Prints came out grey washed? Please help

Discussion in 'Film and Processing' started by cory_gathings, May 15, 2016.

  1. I just made my first prints at home today. They did not come out as hoped. The whole paper is grey, the blacks aren't vibrant, and the border that should be white from being covered by the eisle is grey as well. I think it could be my paper is just old? Or I mixed my developer wrong?(I don't think so)I'm not to sure but I really could use some help. Thanks!!!!!
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  2. I have no background in prints but three things come to mind.

    First, is your fixer good and did you fix the print long enough?

    Second, try to develop and fix a clean sheet of paper. It should come out bright white. If it is fogged it probably means
    the paper is bad or some light got to it.

    Third, is your safelight working properly?
     
  3. Looks a bit like the paper is fogged- by stray light perhaps as you were taking it out of the box. All work should really be done under a red light, and even that at least a yard away from the paper; another thing you might be doing is checking the development under a red light too soon after putting the paper in the tray. You should aim to leave the print at least 2 and a half minutes before putting it near any sort of light, and you should aim in the exposing of the paper to allow it at least the 2+ minutes in the 20deg C developer. Pulling a print before a reasonable time won't lead to a result you want.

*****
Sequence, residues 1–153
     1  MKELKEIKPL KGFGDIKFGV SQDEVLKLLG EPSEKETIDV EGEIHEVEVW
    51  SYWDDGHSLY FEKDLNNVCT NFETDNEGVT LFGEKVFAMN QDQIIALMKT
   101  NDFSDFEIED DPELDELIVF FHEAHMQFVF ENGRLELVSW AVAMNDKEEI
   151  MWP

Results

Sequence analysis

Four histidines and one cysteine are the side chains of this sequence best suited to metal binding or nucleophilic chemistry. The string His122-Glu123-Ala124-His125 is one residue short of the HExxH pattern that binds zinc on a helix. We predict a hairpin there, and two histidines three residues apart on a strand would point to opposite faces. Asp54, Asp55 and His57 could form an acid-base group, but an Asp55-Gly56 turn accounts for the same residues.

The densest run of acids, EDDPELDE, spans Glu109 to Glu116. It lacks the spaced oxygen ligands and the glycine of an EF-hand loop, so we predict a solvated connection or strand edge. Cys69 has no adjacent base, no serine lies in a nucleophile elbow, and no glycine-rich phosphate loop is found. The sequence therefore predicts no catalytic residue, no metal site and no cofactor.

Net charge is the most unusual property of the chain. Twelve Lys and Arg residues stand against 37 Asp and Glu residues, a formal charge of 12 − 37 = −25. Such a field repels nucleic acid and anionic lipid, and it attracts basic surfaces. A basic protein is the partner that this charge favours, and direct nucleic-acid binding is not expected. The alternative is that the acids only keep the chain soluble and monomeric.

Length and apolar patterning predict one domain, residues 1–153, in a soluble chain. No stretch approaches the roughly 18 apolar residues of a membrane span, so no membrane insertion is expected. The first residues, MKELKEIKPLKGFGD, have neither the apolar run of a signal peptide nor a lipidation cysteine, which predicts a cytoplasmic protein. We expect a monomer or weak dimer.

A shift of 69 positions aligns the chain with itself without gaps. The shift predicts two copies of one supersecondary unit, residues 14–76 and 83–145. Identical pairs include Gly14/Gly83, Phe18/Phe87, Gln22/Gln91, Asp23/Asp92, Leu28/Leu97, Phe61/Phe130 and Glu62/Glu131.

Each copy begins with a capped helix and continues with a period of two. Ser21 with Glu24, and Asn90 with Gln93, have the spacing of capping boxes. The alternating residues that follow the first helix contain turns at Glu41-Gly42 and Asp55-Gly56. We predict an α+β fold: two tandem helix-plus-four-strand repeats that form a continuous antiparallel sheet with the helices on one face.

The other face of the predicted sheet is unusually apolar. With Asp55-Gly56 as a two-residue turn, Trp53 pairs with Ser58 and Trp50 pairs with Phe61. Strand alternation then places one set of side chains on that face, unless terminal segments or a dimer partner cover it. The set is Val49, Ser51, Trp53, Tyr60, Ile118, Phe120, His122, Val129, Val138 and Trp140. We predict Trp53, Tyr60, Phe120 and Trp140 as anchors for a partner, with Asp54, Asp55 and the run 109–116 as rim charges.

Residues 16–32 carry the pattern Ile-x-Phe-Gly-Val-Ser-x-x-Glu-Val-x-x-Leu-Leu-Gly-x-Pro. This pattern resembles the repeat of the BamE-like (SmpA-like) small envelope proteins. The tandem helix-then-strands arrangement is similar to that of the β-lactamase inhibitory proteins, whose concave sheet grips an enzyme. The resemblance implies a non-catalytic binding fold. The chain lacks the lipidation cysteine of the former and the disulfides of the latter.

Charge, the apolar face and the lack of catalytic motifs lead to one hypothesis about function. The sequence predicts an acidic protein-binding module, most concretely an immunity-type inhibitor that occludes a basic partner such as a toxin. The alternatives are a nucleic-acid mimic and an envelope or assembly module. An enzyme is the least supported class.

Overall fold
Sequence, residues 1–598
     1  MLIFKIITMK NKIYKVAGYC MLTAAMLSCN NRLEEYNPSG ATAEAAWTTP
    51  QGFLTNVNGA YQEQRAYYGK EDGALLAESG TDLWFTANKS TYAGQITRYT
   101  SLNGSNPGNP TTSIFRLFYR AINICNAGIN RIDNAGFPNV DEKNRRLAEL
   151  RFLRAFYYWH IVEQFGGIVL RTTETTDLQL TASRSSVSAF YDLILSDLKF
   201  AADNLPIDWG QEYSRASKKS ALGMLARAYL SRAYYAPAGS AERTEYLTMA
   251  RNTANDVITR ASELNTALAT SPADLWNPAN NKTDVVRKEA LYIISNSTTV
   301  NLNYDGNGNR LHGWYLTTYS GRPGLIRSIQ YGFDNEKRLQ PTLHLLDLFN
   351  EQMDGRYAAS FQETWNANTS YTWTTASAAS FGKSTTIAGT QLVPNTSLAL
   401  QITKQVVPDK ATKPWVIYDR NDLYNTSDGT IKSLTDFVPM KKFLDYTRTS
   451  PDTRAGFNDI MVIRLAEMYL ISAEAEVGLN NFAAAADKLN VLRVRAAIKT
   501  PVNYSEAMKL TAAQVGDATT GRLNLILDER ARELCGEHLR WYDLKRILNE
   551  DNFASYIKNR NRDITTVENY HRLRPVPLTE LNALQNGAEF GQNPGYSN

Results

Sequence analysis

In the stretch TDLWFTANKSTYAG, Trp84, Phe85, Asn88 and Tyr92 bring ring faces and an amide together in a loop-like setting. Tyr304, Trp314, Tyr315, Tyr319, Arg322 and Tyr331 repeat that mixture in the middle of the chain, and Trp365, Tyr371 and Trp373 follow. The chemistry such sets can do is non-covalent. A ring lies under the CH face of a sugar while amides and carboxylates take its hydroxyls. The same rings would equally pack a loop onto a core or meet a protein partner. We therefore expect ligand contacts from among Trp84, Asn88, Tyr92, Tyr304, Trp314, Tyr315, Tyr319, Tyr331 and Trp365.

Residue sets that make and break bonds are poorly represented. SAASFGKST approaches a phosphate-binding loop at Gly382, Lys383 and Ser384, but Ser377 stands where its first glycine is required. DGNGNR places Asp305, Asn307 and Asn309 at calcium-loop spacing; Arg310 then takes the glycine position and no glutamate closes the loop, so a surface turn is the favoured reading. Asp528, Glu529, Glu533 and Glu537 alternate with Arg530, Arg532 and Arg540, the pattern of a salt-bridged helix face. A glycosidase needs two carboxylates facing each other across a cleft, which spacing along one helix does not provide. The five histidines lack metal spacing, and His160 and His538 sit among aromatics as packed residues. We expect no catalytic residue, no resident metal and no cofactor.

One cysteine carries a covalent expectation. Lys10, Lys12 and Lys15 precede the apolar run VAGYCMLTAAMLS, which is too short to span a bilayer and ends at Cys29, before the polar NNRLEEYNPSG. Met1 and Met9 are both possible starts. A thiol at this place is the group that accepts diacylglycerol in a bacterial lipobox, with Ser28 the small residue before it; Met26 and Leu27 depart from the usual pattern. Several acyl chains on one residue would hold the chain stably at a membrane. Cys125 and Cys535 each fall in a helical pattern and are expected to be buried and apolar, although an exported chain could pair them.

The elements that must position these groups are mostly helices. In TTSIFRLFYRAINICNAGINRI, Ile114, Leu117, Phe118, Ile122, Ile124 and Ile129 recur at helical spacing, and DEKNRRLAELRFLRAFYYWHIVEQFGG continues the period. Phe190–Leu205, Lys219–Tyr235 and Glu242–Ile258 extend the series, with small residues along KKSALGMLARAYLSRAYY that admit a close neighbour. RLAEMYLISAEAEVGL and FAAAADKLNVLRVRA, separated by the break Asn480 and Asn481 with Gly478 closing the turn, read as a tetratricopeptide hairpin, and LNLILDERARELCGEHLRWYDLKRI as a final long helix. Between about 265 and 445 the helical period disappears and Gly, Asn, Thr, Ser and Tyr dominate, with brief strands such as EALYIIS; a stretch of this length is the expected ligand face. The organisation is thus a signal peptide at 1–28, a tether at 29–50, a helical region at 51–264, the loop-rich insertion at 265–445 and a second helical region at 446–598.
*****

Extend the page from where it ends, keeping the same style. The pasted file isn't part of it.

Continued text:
It is very difficult to offer any sensible advice however with so many variables! Good Luck.
     
  4. AJG

    AJG

    Try developing and fixing a sheet in total darkness that hasn't been exposed at all with your enlarger. If that comes out grayed out then you probably have old fogged paper. If it looks OK, then do a safelight test. Put a coin on the paper, leave it under the safelight at a reasonable distance for 3-4 minutes and then develop and fix. If that shows an outline of the coin, replace your safelight or safelight filter. Most current variable contrast papers call for an orange light (see the paper directions). Last item: is your chemistry fresh, and is your time in the fixer correct for the dilution you're using?
     
  5. This is likely due to using the wrong color safelight or your darkroom leaks light. Can also be, photo paper has been damaged by light exposure or it is old and is chemically breaking down. Contaminated chemicals can also give this effect. This can happen if the fixer is weak or improperly mixed.
     
  6. Thank you for all the info! I will try everything mentioned. I believe it will be the fogged paper
     
  7. I have a box of paper, not all that old, which looks about like yours, except for about a 1/4 inch border (not sharp) on each sheet, which is (mostly) white. The box was factory sealed before this. I suspect that it was kept too warm.
    Usually light fogging, such as using the wrong safelight, is a smooth gray. The mottled looking gray (the picture isn't all that easy to see) seems like it might be from excess heat.
    As above, try developing a sheet without exposure, and if possible, without safelight exposure.
    Which safelight do you have?
     

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